Power Leisure takes a bet on the Internet
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That blurb has already enticed hopeful surfers to place their bets; www.paddypower.com which hosts the site, generated €925,639 (£728,478) in sales from its 2,666 active customers in its first 10 weeks of trading to June 30th, 2000. And since then, active users have more than doubled to 5,887.
Power Leisure, the new plc and owner of the Paddy Power betting group, which will get an Irish and London listing for its shares on Thursday, will want this new division to generate an increasing proportion of its sales. And the impetus to this growth is expected to come from the link-up with NTL Group; that link-up aims to provide an interactive betting service on NTL's interactive TV service in the UK.
But will it? And will Power Leisure be ranked among the growth companies, or the others?
The placing price of the shares has been fixed at €2.40 which capitalises the group at €113 million. At that price the shares have an historic price earnings ratio (p/e) of 21.6. Few publicly-quoted companies can be compared with these ratios. Ladbrokes is part of the Hilton Group, but a value of £1.5 billion sterling has been placed on it. Corals is owned by Deutsche Morgan Grenfell's private equity arm. A direct comparison, however, can be made with Stanley Leisure, the publicly-quoted British betting company with UK and Irish outlets. Its historic p/e is 8.8, or nearly one third of Power Leisure. Granted Stanley Leisure's shares have plummeted from 262.5p sterling in March to 152.5p now, but how can this sort of disparity be justified?
Power Leisure has had a steady profit record. Sales rose to €269.6 million in 1999 from €154.9 million in 1997, and further strong growth has been reported for the first six months of 2000. Pre-tax profit rose to €7.05 million from €4.5 million over the same period with strong growth indicated in the first half of this year. Also it is a cash generative business - net cash generated from operations amounted to €8.9 million in the six months to June 2000, it had cash of €8.7 million in its June balance sheet and will raise some €2.7 million from the placing of shares (existing shareholders get €16.3 million).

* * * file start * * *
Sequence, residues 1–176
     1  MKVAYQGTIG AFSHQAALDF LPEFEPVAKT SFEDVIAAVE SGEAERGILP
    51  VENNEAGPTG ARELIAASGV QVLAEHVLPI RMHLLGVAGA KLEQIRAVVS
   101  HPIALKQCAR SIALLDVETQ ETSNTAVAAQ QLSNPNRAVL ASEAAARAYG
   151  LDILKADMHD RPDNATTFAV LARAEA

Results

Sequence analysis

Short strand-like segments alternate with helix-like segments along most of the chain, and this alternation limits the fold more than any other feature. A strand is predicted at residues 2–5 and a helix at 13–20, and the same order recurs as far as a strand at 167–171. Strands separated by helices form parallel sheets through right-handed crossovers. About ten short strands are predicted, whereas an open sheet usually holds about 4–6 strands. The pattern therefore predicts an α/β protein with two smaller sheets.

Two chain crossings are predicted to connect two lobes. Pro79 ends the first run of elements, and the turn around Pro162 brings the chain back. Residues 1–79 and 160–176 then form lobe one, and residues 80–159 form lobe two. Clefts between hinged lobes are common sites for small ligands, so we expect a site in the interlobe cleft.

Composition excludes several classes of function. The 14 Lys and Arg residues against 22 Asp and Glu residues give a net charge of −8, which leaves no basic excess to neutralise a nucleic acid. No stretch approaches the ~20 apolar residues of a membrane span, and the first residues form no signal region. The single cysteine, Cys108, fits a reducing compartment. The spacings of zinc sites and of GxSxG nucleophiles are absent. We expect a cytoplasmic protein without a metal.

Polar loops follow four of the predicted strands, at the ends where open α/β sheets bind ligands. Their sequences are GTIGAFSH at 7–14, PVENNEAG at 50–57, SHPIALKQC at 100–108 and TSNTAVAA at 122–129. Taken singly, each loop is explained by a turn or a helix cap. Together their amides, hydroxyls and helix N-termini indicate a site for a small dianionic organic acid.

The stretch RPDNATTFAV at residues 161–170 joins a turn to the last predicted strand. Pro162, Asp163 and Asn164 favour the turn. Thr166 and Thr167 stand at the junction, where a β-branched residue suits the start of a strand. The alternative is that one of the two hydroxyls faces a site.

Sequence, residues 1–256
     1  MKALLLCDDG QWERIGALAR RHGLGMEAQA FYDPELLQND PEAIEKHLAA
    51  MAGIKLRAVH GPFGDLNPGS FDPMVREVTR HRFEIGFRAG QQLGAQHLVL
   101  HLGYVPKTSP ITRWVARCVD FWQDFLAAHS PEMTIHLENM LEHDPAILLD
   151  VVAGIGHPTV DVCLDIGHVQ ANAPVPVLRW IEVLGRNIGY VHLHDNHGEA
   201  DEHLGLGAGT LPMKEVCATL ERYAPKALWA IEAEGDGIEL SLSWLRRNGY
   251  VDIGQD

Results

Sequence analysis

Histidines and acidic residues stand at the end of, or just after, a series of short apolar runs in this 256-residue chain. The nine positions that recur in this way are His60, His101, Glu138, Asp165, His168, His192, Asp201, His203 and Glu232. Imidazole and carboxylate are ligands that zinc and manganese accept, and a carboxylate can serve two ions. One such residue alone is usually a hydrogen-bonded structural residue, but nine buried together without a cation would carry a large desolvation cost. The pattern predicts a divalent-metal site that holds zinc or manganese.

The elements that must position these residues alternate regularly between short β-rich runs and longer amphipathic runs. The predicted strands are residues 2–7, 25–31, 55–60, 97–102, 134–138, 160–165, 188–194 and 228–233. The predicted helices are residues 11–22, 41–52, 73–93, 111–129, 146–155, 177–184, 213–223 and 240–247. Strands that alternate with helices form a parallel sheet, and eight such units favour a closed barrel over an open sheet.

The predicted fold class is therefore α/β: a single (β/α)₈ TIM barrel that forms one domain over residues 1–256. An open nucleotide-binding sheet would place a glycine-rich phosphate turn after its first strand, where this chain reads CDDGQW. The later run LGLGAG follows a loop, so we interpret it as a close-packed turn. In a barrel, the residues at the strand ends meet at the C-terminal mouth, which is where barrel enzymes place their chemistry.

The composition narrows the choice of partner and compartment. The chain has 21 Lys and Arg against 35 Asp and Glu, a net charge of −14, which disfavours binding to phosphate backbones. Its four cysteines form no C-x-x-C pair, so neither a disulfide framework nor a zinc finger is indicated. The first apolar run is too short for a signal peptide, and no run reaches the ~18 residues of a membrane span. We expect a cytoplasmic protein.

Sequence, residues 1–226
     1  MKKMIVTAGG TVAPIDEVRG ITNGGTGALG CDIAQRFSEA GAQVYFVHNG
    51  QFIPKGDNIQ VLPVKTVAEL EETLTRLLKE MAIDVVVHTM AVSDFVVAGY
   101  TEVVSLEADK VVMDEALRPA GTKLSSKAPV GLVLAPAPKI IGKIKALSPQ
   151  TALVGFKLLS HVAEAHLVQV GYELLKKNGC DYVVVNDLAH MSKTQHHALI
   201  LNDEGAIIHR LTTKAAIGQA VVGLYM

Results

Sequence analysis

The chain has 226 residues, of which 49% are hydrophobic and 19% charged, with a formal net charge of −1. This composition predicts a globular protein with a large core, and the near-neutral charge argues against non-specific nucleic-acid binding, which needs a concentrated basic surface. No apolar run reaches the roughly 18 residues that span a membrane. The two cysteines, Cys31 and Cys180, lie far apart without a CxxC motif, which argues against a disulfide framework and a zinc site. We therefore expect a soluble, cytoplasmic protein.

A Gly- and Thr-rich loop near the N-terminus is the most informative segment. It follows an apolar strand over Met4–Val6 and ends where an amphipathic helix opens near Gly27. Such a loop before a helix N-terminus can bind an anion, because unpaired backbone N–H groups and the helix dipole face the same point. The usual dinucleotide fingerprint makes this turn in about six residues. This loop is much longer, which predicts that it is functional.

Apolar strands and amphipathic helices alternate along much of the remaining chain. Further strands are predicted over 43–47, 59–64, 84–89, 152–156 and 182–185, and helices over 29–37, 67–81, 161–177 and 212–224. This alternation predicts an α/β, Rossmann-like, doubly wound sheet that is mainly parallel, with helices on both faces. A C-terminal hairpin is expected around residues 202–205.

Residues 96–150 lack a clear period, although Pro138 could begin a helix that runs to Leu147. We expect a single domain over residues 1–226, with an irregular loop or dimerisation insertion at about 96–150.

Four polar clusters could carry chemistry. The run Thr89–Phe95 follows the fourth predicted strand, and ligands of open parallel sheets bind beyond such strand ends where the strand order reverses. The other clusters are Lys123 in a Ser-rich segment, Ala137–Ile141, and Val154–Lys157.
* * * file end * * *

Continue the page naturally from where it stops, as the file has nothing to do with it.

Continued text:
The pathfinder is transparent and forward looking. The currency, for example, is in euros, and the executive directors are not scorching the company. There is also a discretionary bonus which last year amounted to €77,000. Also, all employees who have more than three years' service will get €1,270 to €2,500 of free shares and there will be a Sharesave scheme for employees with more than one year service.
Taking an optimistic view, and assuming that first-half earnings are doubled for the full year, earnings per share could rise from 11.1 cents in 1999 to 17.8 cents in 2000. This would put the shares on a prospective p/e of 13. As Stanley Leisure is not expected to show much growth for the next few years, Power Leisure, which should grow strongly in 2001, could justify having a premium rating.
Power is pinning its hopes on Internet betting which will move to the UK early in the new year through NTL which has a franchise to 12 million homes. NTL expects to sign up 500,000 by the end of the year but the deal with NTL is not exclusive so Power will have to compete with the other betting houses on the system. Because it is used to competing in the hurly-burly, unrestricted Irish market, it is convinced it will carve a useful niche in the UK market.
But the Irish betting tax (reduced from 10 per cent to 5 per cent in July 1999) will have an important bearing on Internet betting. Power absorbs this tax but it can only do that for so long. Ladbrokes ended the tax-free honeymoon period for online betting last week by imposing a 5 per cent duty on domestic Internet bets.
"No bookmaker would tell you that they could swallow the tax in perpetuity. The margins in this business are not that significant and if you then have to swallow the tax, you just haven't got a business," according to Ladbrokes.
In the UK a gross-profits tax might be introduced instead of a betting tax and Power is understood to be pushing the Irish Government for a cut in betting tax for international business. Alternatively this business which is losing money (it could be next year before there is a prospect of profits) could be housed in an untaxed offshore region.
Power Leisure gets its fodder from the betting fraternity and they are bound to back the company with a bet on Thursday, giving the share a good premium. But when the dust settles, it will be judged on its earnings stream.
Bill Murdoch is at firstname.lastname@example.org